Asakusa

Asakusa and around

Asakusa

Asakusa is an area centered around the Sensoji Temple with Kaminarimon or the “Thunder Gate” and the Nakamise shopping street. It is surrounded by water and steeped in a rich tradition. It is very pleasant to contemplate the views of the riverbank, get on a boat for a cruise on the river or stroll along the traditional routes, full of stalls and authentic souvenir shops where they sell quintessential Japanese products.

Asakusa is a city of water. It sits on the mighty Sumida River. Many iconic buildings line the area. The visitor can go to the striking red Azuma-bashi bridge and enjoy the views of the towering Tokyo Skytree and savor beer at the Asahi Beer Hall, inside the Asahi group headquarters building with its golden sculpture, designed by Philippe Starck, which adorns ceiling. To enjoy the city from the water, you can board the Hotaluna water bus, specially made for a river cruise.

The Sensoji Temple in Asakusa is Tokyo’s oldest and most famous holy site with a history dating back 1,400 years. This enclosure is dedicated to Kannon, the Buddhist goddess of mercy. It is incredibly popular with millions of people who visit it every year.

The Asakusa district and Sensoji Temple are so deeply connected that their names are written in the same Chinese characters, which means “shallow grass.” “Senso” is the Chinese pronunciation and “Asakusa” is the Japanese pronunciation. When Sensoji was first founded, the Asakusa area was not a busy city like today, but a wild meadow where very few people lived. However, thanks to Sensoji, Asakusa became a lively center for pilgrimage and commerce. The temple is the true heart of the city.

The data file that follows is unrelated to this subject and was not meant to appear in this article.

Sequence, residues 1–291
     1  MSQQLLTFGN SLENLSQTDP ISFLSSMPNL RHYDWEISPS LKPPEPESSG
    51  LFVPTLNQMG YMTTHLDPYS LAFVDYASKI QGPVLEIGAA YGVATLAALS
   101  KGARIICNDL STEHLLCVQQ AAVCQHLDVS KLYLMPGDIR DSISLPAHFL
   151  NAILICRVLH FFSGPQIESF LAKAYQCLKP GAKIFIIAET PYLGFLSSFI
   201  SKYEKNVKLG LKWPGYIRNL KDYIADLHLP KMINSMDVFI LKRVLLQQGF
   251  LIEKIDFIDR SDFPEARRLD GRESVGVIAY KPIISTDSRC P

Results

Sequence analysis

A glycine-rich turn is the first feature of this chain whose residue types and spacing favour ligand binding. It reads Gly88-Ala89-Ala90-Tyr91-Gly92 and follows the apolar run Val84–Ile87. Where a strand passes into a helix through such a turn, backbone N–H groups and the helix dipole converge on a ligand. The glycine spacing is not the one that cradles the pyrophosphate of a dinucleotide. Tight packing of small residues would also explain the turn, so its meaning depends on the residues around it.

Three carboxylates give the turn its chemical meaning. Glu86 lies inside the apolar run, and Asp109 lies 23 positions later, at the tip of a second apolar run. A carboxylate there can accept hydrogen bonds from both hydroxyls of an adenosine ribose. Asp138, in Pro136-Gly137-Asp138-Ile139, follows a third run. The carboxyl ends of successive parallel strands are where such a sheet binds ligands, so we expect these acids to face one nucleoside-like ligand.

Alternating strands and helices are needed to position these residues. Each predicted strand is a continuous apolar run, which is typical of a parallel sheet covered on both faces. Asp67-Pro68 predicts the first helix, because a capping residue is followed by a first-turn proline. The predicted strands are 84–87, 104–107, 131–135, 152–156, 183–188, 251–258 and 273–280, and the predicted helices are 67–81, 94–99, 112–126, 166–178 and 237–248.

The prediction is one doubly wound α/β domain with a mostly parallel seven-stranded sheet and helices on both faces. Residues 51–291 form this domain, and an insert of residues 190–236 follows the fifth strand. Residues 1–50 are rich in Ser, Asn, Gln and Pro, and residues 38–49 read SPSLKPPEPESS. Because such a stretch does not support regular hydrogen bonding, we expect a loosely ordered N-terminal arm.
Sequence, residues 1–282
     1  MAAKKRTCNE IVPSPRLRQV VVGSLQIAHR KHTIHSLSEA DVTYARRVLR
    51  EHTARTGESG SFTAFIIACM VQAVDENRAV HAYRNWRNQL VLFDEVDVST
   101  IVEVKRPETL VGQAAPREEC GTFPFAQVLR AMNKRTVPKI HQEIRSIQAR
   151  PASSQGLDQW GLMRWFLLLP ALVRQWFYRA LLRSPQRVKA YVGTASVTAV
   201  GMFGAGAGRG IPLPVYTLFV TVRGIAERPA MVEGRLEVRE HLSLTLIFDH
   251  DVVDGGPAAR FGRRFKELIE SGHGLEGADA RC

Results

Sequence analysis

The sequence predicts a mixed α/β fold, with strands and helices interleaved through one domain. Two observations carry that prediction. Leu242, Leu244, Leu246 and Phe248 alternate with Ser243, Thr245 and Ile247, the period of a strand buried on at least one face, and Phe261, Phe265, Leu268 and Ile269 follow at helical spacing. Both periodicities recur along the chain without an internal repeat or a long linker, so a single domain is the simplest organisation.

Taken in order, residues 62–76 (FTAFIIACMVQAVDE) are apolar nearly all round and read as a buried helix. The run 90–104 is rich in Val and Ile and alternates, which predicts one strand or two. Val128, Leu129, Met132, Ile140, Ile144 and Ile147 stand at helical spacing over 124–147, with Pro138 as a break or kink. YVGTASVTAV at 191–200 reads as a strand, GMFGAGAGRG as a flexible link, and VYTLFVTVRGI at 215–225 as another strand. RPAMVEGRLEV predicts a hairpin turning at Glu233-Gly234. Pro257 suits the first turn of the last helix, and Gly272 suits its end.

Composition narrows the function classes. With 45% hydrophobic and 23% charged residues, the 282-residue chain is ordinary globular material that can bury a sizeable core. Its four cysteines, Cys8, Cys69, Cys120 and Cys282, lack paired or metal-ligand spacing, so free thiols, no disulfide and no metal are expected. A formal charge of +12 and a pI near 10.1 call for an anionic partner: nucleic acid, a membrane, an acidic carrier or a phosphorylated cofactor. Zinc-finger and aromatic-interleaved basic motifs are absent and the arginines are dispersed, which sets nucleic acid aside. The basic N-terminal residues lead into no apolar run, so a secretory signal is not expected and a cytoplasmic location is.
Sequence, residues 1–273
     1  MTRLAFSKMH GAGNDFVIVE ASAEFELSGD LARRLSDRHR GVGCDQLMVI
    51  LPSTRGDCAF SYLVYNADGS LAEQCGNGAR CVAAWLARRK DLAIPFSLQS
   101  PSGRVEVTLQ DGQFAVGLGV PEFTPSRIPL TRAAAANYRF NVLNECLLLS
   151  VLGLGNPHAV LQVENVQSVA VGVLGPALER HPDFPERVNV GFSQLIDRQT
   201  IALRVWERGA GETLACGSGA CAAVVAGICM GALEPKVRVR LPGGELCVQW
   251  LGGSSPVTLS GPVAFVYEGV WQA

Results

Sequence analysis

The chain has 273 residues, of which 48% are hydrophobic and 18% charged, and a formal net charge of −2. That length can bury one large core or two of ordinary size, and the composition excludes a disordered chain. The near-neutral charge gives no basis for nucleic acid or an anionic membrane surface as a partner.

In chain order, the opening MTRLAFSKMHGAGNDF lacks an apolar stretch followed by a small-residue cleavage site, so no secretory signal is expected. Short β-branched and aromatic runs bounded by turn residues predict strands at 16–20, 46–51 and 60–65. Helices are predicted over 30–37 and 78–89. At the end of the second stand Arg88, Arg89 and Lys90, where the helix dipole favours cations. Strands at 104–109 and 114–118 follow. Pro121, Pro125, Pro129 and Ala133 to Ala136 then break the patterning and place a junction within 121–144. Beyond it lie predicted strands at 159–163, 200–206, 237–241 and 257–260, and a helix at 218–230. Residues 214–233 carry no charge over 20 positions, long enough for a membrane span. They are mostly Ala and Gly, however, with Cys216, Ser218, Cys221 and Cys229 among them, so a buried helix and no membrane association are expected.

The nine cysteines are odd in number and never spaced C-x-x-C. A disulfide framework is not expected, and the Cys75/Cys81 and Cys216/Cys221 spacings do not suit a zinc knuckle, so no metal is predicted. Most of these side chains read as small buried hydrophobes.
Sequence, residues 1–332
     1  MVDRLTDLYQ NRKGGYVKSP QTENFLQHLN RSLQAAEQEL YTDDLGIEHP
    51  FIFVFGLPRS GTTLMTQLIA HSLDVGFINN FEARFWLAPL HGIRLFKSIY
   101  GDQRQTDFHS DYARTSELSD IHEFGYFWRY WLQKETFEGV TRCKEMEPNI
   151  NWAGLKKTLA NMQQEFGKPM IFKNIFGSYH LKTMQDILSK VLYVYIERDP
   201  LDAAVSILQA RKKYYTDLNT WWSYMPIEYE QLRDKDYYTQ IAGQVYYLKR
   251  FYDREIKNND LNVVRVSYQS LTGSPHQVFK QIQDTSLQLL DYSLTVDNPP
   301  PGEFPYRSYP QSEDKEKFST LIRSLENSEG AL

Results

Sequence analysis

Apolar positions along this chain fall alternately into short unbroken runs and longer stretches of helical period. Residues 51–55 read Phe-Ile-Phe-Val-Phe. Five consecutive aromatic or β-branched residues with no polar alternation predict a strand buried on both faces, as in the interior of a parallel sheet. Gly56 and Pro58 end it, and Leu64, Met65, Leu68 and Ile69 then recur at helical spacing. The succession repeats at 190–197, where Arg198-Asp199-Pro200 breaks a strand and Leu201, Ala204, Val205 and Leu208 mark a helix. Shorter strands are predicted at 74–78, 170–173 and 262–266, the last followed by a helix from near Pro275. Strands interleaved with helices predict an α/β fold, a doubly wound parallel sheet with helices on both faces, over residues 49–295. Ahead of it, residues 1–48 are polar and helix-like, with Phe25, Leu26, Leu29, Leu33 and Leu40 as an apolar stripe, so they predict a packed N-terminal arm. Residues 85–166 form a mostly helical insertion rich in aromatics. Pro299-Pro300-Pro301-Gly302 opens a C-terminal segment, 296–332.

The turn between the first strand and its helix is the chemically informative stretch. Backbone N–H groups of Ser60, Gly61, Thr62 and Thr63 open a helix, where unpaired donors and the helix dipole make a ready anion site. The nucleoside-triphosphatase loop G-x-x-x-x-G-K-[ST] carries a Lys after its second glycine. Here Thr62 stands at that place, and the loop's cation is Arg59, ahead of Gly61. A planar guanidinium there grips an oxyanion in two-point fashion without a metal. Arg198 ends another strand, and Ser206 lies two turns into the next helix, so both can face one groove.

Asakusa and around

The history of the temple

Along with the prosperity of Edo (former Tokyo), visitors to Sensoji increased, Asakusa became its cultural center. In the golden age of this era hundreds of small Shinto shrines were built on the temple grounds and Asakusa was erected as a holy place for the worship of common people.

In the Meiji era, the temple grounds became Asakusa Park. The Sixth District became famous as an entertainment hub, making a great contribution to the history of Japanese theater and cinema. The opening of the railroad car line in 1882 and with Japan’s first skyscraper, Ryounkaku (also known as Asakusa twelve stories, 52 m high) in 1890, Asakusa led the movement of civilization and enlightenment.

 

Asakusa and around

Today, Asakusa is one of the few places in Tokyo where the traditional style of Japan is preserved. Most of the streets, stations and shops have a historical aspect, they have cornets in the streets that play traditional Japanese music, there are many kimono shops and objects typical of Japanese culture.

There are also many kimono rental shops, available for all those who want to have the experience of wearing traditional Japanese clothing. In Asakusa you see many people, both Japanese and tourists, dressed in kimono.

Asakusa is undoubtedly one of the most charming places in Tokyo, as it takes you to the essence of Edo (the old name of the city) and combines modern aspects such as its proximity to the tallest tower in the world, the “Tokyo Skytree”.

Visiting Asakusa is one of the first points in any tourist itinerary in Tokyo, for its temples, shops, style and spiritual essence.

Asakusa and aroundAsakusa and around

Asakusa and around